Child Health and Welfare in Europe and the United States, 1914–2000
By John Stewart
This workshop took place at Glasgow Caledonian University from 13 to 15 January 2010, the vagaries of British transport and weather notwithstanding. The event was financially supported by the Wellcome Trust (via the Enhancement Award held by the Centre for the Social History of Health and Healthcare) and the Economic History Society, with the complex administrative and funding arrangements being ably handled by the Centre’s Outreach/Research Officer, Rhona Blincow. Participants were drawn from universities in Britain, Norway, Spain, Sweden and, via Skype, the USA. This embryonic network derives from discussions that have taken place over a number of years and at a number of locations throughout Europe.
An introductory session by Alysa Levene (Oxford Brookes University) on ‘Medicalising the Welfare Child: Recent developments in research’ appropriately set the historiographical scene. A number of themes emerged thereafter. On the issue of hospitals, contributions came from Mary Clare Martin (University of Greenwich) on children’s hospitals in Britain, France and the USA, while Andrea Tanner and Sue Hawkins (Kingston University) described their important project on archiving and accessing the records of hospitalised children in Victorian and Edwardian London and Glasgow. Dealing with the sick child, and attempts to stop children becoming sick, were the topics of papers by William Hubbard (University of Bergen) on Scottish infant mortality, Lawrence Weaver (University of Glasgow) on Glasgow’s contribution to international paediatrics post-1918, and Chris Nottingham and Chris Robinson (Glasgow Caledonian University and the Scottish Government) on child protection in Scotland.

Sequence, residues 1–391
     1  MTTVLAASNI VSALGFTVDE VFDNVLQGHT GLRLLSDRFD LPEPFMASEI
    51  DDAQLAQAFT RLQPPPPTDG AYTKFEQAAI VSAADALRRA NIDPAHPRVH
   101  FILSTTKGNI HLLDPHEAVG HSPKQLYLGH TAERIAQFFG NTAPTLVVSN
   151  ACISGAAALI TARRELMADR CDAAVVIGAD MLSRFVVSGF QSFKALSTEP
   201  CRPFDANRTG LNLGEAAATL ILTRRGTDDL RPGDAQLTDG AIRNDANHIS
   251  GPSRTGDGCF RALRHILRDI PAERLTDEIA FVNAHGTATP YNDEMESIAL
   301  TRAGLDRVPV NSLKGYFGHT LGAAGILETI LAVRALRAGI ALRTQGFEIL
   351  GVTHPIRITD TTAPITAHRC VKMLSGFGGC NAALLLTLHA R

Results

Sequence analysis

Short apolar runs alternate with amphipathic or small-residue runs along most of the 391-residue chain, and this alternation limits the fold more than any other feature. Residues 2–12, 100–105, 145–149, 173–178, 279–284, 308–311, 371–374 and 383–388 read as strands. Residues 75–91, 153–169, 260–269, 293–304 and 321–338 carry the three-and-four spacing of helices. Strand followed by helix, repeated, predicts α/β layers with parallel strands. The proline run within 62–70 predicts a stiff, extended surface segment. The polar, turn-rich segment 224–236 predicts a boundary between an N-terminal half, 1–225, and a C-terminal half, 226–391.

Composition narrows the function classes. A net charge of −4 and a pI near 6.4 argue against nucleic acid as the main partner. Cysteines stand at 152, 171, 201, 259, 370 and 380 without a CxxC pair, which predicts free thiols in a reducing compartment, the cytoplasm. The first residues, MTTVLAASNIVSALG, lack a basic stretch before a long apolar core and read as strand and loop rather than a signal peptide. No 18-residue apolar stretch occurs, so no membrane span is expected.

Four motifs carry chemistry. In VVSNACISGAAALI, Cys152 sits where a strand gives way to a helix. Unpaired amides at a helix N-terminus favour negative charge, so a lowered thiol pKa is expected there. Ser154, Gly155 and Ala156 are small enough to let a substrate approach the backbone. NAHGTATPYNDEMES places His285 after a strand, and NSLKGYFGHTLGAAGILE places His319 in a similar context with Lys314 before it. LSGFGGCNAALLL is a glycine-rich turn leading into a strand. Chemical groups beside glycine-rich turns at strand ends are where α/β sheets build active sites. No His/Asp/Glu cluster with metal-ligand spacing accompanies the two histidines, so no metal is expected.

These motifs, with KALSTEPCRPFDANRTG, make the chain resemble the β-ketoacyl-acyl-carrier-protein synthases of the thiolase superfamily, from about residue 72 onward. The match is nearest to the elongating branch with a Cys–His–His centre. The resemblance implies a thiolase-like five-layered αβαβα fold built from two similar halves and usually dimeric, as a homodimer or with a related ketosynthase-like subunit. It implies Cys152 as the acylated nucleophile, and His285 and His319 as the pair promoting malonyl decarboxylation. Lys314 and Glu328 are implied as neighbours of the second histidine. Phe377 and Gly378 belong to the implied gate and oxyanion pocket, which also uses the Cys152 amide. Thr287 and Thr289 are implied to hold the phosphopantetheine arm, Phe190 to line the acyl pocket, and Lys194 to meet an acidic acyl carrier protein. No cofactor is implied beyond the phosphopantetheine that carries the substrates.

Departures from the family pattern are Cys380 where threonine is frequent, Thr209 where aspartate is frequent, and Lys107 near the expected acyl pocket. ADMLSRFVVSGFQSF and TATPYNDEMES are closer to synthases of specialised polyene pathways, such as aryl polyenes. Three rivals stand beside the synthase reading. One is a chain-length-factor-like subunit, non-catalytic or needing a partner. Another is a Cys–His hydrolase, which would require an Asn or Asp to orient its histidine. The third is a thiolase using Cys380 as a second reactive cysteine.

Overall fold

More obviously taking the perspective of children and young people themselves, John Welshman (Lancaster University) discussed his work on evacuation during World War II while Kathleen Jones (Virginia Tech) delivered, via the magic of Skype, her paper on historical and contemporary perspectives on youth suicide in the USA. The Spanish viewpoint came from Enrique Perdiguero (University of Alicante) on child health and welfare under the Franco dictatorship and Josep Barona (University of Valencia) on medicine and maladjustment in the pre-Franco era.
Indeed, the notion of maladjustment and its implications was taken up by a number of participants. Sarah Hayes (University of Exeter) described her research on the maladjusted child in postwar Britain. From Scandinavia, meanwhile, Kari Ludvigsen (University of Bergen) explored the role of psychiatrists in promoting child mental health in Norway from the 1930s to the 1960s, while Karin Zetterqvist Nelson (University of Linköping) examined the development of Swedish child therapy over a similar period. Science, ‘normality’ and surveillance were addressed by John Stewart (Glasgow Caledonian University) in his paper on the notion on ‘normalcy’ in British child guidance, with Astri Andresen (University of Bergen) engaging with the politics of surveillance medicine in respect of Norwegian education.
Finally, Mathew Thomson (University of Warwick) analysed the landscape of the postwar British child from the perspective of psychology and psychological health, and Bengt Sandin (University of Linköping) addressed a broad range of child health issues in his presentation on, inter alia, the political significance of children’s physical and mental wellbeing and children’s rights.
It has often been remarked that the history and meaning of child health has been seriously underexplored by historians, not least in Britain. The Glasgow workshop was, it is to be hoped, an important step towards addressing this gap in our historical understanding. Future meetings of the network are anticipated and discussions are taking place as to how this might be further promoted and expanded. Anyone interested in this field is welcome to contact me.
Professor John Stewart is Director of the Centre for the Social History of Health and Healthcare at Glasgow Caledonian University.